||**|||~|bliss200.gif|~|Bliss: The natural progression for Solaris was to give it to the market.|~|"The hosting model requires users to be connected via the internet to license such facilities and as a financial institution this presents too high a risk to even consider," says Musabbah Mohammed Ali Al Qaizi, vice president of Information Technology at Dubai Islamic Bank. "Using an in-house system is much more secure."

At the moment, then, SaaS and hosting of mission-critical software services is still greeted with some scepticism, and the hype around Web 2.0 - which takes the service model to an extreme, with even word processing packages offered as online applications - does not appear to be under serious consideration in the region.

One recent evolution in software has made a significant impact for IT managers around the world is the growing open source movement. For many back-end applications, Linux is becoming a standard feature, particularly in situations where organisations are running a large number of servers.

But for enterprises running mission-critical applications, the idea that they would use unsupported open source systems is of course farcical. The reality of enterprise Linux implementations, then, is that they still effectively rely on a licence in all but name; indeed, not even that stands with some vendors.

"With Linux, it's still called licensing, even though there's no licence," says Vinay Akhil, country manager for Novell. "It's based on maintenance and upgrade protection. You don't have a licence fee per product; what you pay for is a set time period of one year, two, three, to ensure you get up to date versions of the product, patches, and you can also get that bundled together with support."

The other drive in terms of open source is the conversion of previously proprietary applications into open, or at least free, projects. Vendors from IBM with its Cloudscape database offering, to MySQL with its hybrid open source model, have experimented with this, but the market leader in giving things away at the moment is Sun. Not only has it made its Solaris operating system open and free (if you ignore the service charges) in the face of fierce competition from Linux vendors, it has committed itself to making Java open source, albeit at some unspecified point in the future.

"Since we've made Solaris available on other platforms, such as x86, the natural progression from there was to release it onto the marketplace as well," says Jamie Bliss, software sales manager for Sun. "Solaris, like Java, has an awful lot of coverage around the world, and there are an awful lot of people that can, if given the chance, develop it further and take it into areas of their own choosing."

Bliss maintains that Sun is "all about sharing", but as some observers have commented, by releasing Solaris' code, and indeed a lot of the low-level information for its SPARC CPU architecture, Sun has made its products attractive as educational tools for colleges and universities.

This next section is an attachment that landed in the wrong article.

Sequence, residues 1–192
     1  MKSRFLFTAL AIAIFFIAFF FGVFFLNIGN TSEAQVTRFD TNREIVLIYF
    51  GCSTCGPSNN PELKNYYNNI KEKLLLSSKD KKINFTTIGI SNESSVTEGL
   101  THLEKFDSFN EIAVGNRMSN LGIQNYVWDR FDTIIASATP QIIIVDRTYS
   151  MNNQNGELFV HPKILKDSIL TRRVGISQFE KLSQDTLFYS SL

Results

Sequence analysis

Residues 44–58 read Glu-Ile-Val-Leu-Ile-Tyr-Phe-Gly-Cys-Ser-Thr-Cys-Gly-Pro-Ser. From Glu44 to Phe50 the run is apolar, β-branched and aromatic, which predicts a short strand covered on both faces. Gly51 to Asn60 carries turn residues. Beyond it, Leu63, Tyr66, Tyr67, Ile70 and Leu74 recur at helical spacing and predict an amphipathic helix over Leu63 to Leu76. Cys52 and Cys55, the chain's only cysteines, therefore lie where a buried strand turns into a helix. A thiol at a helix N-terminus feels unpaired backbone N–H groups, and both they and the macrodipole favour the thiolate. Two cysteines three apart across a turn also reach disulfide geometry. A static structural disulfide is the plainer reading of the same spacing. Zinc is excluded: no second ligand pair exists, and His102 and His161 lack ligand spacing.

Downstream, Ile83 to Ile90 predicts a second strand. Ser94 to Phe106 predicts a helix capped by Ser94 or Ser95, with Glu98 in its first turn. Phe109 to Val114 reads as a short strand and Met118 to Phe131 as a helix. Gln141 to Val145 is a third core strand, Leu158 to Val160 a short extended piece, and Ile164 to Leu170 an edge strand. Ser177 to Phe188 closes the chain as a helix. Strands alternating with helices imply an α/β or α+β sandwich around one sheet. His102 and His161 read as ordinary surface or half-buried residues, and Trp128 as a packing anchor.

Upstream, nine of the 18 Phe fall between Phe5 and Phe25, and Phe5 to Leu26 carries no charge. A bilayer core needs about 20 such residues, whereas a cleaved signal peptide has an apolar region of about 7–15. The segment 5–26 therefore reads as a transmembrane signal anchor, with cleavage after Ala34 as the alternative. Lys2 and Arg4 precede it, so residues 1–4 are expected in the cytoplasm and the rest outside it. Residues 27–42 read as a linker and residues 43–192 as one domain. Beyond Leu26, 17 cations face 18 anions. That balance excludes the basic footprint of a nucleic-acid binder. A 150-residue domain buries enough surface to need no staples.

The upshot of this is that Sun has ensured that future generations of programmers and developers will have an intimate knowledge of its platforms, handy when they are likely to become IT decision makers, given time.

Between fully supported open source and the increasing range and sophistication of subscription-based licensing models, the days of perpetual licences may be numbered.
What further complicates the issue is how licenses are structured in terms of numbers; the traditional models of users, employees, processor cores is starting to break down with the rise of web-enabled services and multi-core processors - Sun's roadmap has it delivering 32 cores per processor in the not-too-distant future, and its eight-core Niagara processors are already on the market, with AMD, Intel and IBM also planning to up core counts.

One company which has had to restructure its licensing in response to Sun's Niagara is Oracle. Where before it licensed strictly per processor (when customers opted for the CPU pricing model), it now offers a range of 'factors' to apply to each processor, depending on the number of cores and Oracle's assessment of the processor's power - the factor for an eight-core Niagara is 0.25, meaning it would be priced as
two cores.

Woods says this is to allow pricing parity between processors of equivalent power, and says that the firm will continue applying factors to future multicore CPUs: "I think now we've embarked on this course, we will continue to evolve our pricing structure this way in the future; Sun has chosen this path for its roadmap - a large number of relatively low-powered cores, as opposed to other CPU vendors offering fewer, higher powered cores - so we will adjust our pricing to take account of this."||**||